Marla Burkhart's story dates back to 2009, when she underwent an emergency cesarean section at Mayo Clinic eight weeks before her due date. Before the surgery took place, doctors discovered that Marla had a condition called peripartum cardiomyopathy, a rare pregnancy-related heart condition that occurs in about 1 in 3,000 deliveries and causes inefficient blood circulation. Despite the complications, however, Marla delivered a healthy baby boy named Noah.
Last year, Marla shared her story to encourage other women to make heart health a priority. She also became involved in Rochester's annual Go Red for Women event and spoke at last year's luncheon. But Marla wanted to do more to ensure that she was around to watch Noah grow and could be active alongside the now thriving kindergartner.
A couple years ago, Marla started seeing Lori Blauwet, M.D., a Mayo Clinic cardiologist. "She educated me about the long-term issues I may encounter as a result of my specific type of cardiomyopathy," says Marla, "issues I wasn't previously aware of."
The advice she gave Marla is appropriate for anyone looking to maximize their health and live their best life. "I encouraged her to exercise on a regular basis and eat a heart-healthy diet," Dr. Blauwet says.
Motivation to improve her health
That advice was pivotal for Marla. She began to explore which things in her life she could control to maximize her health, specifically her ability to lose weight and develop healthier eating habits.
"Over the last two years, I've really made an effort to include protein along with the vegetables in my diet," says Marla, who has dropped over 100 pounds. She's also expanded her physical activity. "I've moved from just heading to the treadmill and the elliptical machine to lifting free weights."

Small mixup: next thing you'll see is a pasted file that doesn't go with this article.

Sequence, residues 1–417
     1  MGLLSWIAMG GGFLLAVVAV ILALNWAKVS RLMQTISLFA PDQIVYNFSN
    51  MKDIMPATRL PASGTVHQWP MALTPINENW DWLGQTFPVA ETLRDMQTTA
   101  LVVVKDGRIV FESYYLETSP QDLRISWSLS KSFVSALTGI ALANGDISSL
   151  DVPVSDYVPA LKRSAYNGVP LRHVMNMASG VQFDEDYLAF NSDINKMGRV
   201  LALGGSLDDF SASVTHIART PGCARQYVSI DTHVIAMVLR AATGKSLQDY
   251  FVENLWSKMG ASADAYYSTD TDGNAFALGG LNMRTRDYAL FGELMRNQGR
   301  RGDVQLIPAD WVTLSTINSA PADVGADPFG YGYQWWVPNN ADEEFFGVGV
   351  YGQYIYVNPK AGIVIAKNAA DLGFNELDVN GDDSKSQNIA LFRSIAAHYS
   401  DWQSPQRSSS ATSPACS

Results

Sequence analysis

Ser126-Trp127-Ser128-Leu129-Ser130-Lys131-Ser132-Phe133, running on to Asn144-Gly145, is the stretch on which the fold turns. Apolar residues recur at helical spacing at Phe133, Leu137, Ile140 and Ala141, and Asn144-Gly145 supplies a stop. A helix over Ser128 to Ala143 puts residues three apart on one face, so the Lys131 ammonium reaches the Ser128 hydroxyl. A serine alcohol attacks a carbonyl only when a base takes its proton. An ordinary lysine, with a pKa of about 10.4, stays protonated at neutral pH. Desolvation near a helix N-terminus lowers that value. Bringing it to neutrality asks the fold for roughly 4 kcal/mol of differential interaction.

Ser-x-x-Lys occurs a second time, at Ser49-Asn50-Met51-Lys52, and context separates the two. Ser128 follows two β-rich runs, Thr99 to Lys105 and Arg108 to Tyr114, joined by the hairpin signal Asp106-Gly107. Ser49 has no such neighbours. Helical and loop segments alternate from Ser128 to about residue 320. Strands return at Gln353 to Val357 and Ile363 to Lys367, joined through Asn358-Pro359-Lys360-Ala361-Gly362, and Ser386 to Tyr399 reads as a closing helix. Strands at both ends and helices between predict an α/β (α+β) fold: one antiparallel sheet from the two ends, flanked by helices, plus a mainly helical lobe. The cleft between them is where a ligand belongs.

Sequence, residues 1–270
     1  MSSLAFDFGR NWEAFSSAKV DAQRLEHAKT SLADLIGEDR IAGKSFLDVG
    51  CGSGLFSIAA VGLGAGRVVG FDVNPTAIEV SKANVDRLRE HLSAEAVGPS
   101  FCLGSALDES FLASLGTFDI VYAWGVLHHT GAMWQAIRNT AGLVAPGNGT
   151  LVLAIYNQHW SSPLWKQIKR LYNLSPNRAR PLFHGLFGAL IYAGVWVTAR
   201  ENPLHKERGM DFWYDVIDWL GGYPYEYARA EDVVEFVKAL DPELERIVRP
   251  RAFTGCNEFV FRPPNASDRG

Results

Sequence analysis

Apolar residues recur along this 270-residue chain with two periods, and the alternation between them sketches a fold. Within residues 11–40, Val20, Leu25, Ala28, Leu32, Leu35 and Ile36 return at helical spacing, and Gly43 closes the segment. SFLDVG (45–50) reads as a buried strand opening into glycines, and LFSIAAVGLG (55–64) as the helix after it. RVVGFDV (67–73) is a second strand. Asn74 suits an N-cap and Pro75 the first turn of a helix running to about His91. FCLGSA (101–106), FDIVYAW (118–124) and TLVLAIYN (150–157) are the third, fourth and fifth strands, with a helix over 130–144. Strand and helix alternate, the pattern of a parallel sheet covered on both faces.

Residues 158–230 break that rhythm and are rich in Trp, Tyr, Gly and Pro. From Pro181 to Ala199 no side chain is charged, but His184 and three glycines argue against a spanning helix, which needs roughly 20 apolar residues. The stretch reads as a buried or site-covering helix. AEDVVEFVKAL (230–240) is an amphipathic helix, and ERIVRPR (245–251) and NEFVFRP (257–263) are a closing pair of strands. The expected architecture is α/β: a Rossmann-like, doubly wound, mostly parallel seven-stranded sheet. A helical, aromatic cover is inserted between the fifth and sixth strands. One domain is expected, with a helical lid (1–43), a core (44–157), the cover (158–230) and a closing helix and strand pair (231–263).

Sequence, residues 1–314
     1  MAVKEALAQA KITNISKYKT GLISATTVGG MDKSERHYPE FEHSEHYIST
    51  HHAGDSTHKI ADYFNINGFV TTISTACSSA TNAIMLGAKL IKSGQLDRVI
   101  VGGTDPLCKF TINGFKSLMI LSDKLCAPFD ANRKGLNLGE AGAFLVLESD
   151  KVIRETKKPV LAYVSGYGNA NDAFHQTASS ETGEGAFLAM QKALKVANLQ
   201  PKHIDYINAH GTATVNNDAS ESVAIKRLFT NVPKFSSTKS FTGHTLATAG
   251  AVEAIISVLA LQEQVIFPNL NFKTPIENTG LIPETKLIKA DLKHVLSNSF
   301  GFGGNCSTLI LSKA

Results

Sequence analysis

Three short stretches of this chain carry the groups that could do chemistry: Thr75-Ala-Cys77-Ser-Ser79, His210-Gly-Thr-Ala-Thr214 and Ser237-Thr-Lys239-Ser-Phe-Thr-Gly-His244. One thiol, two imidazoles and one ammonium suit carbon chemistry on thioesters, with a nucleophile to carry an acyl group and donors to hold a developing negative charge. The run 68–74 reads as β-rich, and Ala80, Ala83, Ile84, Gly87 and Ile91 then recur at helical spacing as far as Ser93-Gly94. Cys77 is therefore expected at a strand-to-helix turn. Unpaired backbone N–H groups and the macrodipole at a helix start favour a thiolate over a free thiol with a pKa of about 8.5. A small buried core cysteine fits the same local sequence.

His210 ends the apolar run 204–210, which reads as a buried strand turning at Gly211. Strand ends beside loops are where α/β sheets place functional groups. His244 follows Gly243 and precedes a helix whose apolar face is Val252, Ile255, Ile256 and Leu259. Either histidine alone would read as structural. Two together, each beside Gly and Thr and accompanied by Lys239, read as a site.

"Marla is a superstar," says Dr. Blauwet. "She has made a concerted effort to adopt a heart-healthy lifestyle with amazing results."
While lifting weights and working out is now something Marla enjoys, keeping up with 6-year-old Noah is her favorite way to stay active. "He loves being outside," she says, "and we especially enjoy swimming together." Gardening has also become a regular part of their summer lives. "Noah loves being out there on his hands and knees pulling weeds with me and laying mulch. He's a wonderful kid."
He's also Marla's motivation for continuing to improve her health. "I waited 40 years to have this special little boy in my life," she says, "and I want to make sure I'm around for the next 40."
Marla also stayed on track by recognizing that life happens. "If I had an off day, the next day was a 'do over,'" she says. "It's easy to fall off the wagon, but it's just as easy to jump back on. At the end of the day, I control how much I move and what I eat."
The voice of experience
"There are a few heart diseases that are more common in women, such as small vessel disease and coronary vasospasm, and some that occur exclusively in women, like peripartum cardiomyopathy," says Dr. Blauwet. "These heart diseases are not as well known among physicians and the general public as the typical heart diseases that affect both sexes, frequently resulting in misdiagnosis and/or delayed treatment which affects outcomes."
Marla's personal experiences drove her to become an advocate for women's heart health. "I read a lot of pregnancy books and had never even heard of peripartum cardiomyopathy," she says, "so I want to raise awareness."
Both Dr. Blauwet and Marla agree that lifestyle changes – even small ones – can have big results. "Eat a heart-healthy diet, exercise on a regular basis," says Dr. Blauwet, "and do something just for you every day to honor your beauty and goodness within."